‘Obamacare’ tax hikes vs. tax breaks: Which is greater?
By Josh Hicks,
“The Supreme Court looked at what the structure of the law was, and they saw that 1 percent of the people would be paying this charge if they chose not to avail themselves of health insurance. But more middle-class people are going to get a tax cut in this law. There’s a tax cut of $4,000 for people who need help paying for health insurance.”
— White House Chief of Staff Jack Lew on ABC’s “This Week,” July 1, 2012
Republicans have seized on the Supreme Court’s health-law ruling to blast the Affordable Care Act as a giant tax on the middle class. Rush Limbaugh went so far as to call it the “biggest tax increase in the history of the world,” a preposterous claim we debunked in a previous column.
On Sunday, White House Chief of Staff Jack Lew refused to acknowledge that the individual mandate represents a tax, even though the majority of the Supreme Court justices defined it as such. He called the enforcement measure a “charge” that would apply only to a small fraction of the population, and that “more middle-class people are going to get a tax cut.”
Let’s look at the numbers to determine whether tax breaks or tax hikes — including the mandate — will be greater under “Obamacare.” We’ll focus on the number of people affected by both aspects of the law, since that’s what Lew talked about. But we’ll also review the monetary totals, just for good measure.
Before diving into the numbers, let’s remember why both campaigns need to play the semantics game: the“penalty-tax” can make either one of candidates look bad.
President Obama promised unequivocally during his 2008 campaign not to raise taxes — none whatsoever — on families making less than $250,000 per year. Whether or not the president fulfilled that pledge hinges largely on whether the individual-mandate penalty constitutes a tax. (Our colleagues at PolitiFact argue he has already broken that pledge with cigarette taxes and other broad-based taxes.)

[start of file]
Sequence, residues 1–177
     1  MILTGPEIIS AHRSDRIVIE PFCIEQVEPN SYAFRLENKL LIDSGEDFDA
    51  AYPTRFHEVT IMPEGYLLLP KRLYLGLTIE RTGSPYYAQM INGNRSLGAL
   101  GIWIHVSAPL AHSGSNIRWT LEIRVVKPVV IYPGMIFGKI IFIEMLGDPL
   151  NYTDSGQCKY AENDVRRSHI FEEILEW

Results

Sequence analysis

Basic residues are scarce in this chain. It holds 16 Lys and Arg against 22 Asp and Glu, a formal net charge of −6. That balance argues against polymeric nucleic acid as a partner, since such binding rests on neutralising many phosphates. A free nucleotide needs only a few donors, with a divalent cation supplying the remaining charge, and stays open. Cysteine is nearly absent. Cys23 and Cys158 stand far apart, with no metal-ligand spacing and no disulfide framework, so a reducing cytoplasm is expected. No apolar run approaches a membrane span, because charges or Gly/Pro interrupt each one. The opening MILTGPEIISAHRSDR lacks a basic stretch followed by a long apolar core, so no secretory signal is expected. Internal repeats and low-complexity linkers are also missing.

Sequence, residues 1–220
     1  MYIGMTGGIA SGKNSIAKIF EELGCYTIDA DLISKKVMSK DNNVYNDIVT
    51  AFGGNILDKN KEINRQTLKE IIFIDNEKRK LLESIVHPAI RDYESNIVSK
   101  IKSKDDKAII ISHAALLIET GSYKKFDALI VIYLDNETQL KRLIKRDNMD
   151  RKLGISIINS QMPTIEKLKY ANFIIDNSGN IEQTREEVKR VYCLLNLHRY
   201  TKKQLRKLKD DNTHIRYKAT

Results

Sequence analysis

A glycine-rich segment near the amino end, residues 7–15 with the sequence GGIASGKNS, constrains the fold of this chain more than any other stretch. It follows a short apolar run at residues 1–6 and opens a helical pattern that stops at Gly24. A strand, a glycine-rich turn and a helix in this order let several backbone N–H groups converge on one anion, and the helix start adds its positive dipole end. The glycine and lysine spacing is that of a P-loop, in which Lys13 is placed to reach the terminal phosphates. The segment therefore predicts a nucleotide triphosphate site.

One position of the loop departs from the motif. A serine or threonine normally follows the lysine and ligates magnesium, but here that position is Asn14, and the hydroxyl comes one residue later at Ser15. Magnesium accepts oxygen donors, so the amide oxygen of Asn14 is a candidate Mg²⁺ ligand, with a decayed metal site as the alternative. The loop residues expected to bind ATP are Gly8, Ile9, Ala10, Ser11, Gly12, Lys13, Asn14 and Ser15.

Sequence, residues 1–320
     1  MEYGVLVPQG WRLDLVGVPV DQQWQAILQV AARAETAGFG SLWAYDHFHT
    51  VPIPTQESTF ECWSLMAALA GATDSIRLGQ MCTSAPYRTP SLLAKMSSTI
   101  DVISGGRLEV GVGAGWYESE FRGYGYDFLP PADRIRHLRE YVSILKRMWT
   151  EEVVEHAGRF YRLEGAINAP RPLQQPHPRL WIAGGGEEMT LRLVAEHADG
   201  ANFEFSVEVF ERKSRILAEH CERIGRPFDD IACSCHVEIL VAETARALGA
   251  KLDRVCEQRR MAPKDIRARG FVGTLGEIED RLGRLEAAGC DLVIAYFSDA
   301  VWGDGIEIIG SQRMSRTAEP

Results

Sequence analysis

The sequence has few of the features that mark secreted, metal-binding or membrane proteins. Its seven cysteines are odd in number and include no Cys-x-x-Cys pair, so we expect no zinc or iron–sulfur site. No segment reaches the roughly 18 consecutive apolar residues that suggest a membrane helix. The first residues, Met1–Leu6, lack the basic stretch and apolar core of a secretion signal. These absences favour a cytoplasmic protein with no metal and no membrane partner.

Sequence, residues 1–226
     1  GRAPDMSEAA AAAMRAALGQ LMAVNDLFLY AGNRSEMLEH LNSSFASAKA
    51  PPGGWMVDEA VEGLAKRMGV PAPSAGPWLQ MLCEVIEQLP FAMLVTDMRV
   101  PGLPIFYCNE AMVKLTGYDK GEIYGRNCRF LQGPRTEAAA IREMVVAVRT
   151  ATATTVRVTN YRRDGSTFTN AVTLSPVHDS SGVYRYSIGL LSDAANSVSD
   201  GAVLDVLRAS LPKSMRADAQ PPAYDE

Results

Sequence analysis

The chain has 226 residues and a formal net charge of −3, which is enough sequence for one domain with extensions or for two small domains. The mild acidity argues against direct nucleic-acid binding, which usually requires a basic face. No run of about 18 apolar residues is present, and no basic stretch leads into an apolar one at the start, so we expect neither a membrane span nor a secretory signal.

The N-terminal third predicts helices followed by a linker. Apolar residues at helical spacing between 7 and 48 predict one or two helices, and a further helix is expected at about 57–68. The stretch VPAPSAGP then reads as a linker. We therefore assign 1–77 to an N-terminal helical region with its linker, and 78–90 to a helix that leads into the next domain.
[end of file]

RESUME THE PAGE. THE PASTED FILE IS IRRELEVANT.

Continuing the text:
Republican challenger Mitt Romney is trying to have it both ways. He implemented a mandate in Massachusetts, but swears up and down that he never raised taxes. By the same token, he is attacking the president for increasing taxes with the health law. This week, he offered an unusual explanation for how the federal penalty qualifies as a tax while a virtually identical measure in Massachusetts does not.
On Thursday, Obama campaign press secretary Ben LaBolt said the president views the enforcement measure as a penalty, insisting that his position should have been clear from the government’s defense in front of the Supreme Court. That’s a dubious claim considering how Solicitor General Donald B. Verrilli Jr. told the justices that the mandate “is justifiable under [Congress’s] tax power,” and that “calling it a penalty as they did would make it more effective in accomplishing its objectives; but it is in the Internal Revenue Code, [and] it is collected by the IRS on April 15.”
Okay, we have demonstrated that both sides are playing fast and loose with definitional issues. Now, let’s pull up the numbers to determine whether the “penalty-tax” provides more boost or burden for the middle class.
The Affordable Care Act promises tax credits and cost-sharing subsidies for individuals who earn between 100 and 400 percent of the federal poverty level. The goal is to help people satisfy the individual mandate when they can’t afford insurance and don’t qualify for Medicaid.
In addition, small businesses will qualify for tax credits if they have no more than 25 employees and average wages of $50,000 per year.
On the other hand, the health law imposes a penalty of $95 or 1 percent of adjusted gross income per adult, whichever is greater, beginning in 2014. The charge jumps to 2 percent or $325 per adult in 2015, and it rises again to 2.5 percent or $695 per adult in 2016.
(The Joint Committee on Taxation has provided an explanation of all revenue provisions in the Affordable Care Act in case you want to dive into the nitty-gritty details.)
A report from the nonpartisan Congressional Budget Office shows that an estimated 4 million individuals will pay penalties to the IRS in 2016 because of the mandate — no information is available for other years. This represents about 1.2 percent of the total population, according to projections from the Census Bureau. So Lew is correct with his assertion that only “1 percent of the people would be paying this charge.”